The Harbor is surrounded by the main island to the south and the Coatue nature reserve on the north. The vegetation-covered spit of sand is managed by the Land Trust and accessible by 4WD vehicle (by permit) or by guided tour. The southern shore of the harbor is lined by large homes and huge mansions along its entire length. Many of the most impressive of these are visible only by water. Although they are impressive from one end of the harbor to the other, the further up-harbor (east) you go, the more impressive they generally become. Two of the most exclusive sections of the island are when reaching the narrow channel at Pocomo and the end of the harbor at Wauwinet. This is where you see former Gamble mansion (of Proctor & Gamble fame).
The further reaches of Wauwinet is home to a number of huge, multi-acre estates with older, more traditional summer homes and compounds that belong to such notable families as the Mellons, the Roosevelts and the DuPonts. Beyond them, as the furthest end of the harbor, where Wauwinet meets Coatue, is a strip of land so narrow that a house built atop it is very close to, and can see both, the harbor and the Atlantic. Although this area has some of the island’s grandest old homes, it is sufficiently remote that it is not even served by electric lines. These homes, therefore, must rely on their own generators.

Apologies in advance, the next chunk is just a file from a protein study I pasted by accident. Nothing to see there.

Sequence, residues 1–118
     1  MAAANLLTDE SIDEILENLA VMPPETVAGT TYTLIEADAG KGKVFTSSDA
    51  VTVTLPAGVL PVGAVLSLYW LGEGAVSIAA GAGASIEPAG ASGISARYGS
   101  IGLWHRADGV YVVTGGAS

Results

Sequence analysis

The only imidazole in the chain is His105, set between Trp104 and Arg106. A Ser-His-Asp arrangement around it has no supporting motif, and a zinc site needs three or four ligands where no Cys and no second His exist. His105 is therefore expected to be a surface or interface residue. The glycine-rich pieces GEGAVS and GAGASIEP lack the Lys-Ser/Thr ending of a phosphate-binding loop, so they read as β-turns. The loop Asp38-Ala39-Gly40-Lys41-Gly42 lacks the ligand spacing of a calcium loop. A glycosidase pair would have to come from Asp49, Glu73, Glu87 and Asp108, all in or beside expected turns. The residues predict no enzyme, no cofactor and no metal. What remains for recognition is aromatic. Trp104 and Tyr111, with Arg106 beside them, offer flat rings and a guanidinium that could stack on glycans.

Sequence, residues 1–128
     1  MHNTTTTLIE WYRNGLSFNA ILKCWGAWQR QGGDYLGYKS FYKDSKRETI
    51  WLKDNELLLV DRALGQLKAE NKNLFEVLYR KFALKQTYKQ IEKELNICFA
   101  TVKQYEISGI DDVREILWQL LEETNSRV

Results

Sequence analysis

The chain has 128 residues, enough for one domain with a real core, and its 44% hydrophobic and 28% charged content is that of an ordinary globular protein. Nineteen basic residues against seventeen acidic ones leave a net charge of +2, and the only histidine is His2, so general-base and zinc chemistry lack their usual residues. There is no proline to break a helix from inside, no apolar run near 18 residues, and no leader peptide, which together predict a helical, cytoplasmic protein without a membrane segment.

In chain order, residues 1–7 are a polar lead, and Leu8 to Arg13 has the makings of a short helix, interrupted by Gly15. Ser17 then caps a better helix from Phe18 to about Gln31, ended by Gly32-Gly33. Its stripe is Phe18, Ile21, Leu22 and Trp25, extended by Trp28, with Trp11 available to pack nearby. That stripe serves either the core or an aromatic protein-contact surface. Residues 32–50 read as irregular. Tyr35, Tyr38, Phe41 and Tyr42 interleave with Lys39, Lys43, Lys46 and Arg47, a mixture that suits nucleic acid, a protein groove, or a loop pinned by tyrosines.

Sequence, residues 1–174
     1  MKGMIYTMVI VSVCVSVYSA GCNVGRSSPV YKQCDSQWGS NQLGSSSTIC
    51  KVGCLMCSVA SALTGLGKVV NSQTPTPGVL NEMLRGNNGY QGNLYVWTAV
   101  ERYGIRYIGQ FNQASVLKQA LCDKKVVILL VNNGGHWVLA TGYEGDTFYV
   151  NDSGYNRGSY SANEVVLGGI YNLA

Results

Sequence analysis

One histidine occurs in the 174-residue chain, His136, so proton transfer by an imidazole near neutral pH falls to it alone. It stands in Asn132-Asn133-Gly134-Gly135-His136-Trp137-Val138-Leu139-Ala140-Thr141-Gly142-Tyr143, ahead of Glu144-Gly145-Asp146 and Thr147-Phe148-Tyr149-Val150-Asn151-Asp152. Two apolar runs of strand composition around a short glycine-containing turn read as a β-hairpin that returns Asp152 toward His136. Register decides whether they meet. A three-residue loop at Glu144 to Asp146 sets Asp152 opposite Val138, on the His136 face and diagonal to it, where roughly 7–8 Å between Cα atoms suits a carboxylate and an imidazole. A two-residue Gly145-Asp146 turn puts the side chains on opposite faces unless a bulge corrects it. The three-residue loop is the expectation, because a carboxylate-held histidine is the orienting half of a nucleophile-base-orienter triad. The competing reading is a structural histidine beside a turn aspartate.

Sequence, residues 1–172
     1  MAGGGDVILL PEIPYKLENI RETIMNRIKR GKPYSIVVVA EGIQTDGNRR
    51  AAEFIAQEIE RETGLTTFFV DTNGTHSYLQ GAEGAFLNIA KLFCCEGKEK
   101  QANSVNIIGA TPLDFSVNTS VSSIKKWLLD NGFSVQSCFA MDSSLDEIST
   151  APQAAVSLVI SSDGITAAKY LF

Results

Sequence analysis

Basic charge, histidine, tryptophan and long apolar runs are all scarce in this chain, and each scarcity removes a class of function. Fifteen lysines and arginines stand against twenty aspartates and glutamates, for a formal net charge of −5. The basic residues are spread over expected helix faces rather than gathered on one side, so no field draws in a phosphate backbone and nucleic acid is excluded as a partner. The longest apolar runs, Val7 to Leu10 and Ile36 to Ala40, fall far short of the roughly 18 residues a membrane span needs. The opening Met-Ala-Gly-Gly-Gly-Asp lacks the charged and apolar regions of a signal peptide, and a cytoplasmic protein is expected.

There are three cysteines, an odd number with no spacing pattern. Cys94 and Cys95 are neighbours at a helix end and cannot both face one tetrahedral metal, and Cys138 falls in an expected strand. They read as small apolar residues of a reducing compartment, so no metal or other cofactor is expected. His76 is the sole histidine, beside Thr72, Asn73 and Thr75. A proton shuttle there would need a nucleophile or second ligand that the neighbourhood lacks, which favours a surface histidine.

Just inside the head of the bay are a set of oyster beds that serve local restaurants.
Other Sections of Nantucket
While we walked Nantucket Town and saw the harbor shoreline by boat, we briefly explored a number of other sections of the island by car and through selective stops to particularly interesting sites.
This is one of the island’s few “Middle-Class” communities that is nice, but not quite as expensive as many of the others. Renowned for its beaches and its sunsets, it was once a sleepy town with a handful of detached homes, especially along the harbor and the beach (so-called Old Madaket) and the island’s only townhouses (of which no more can be built).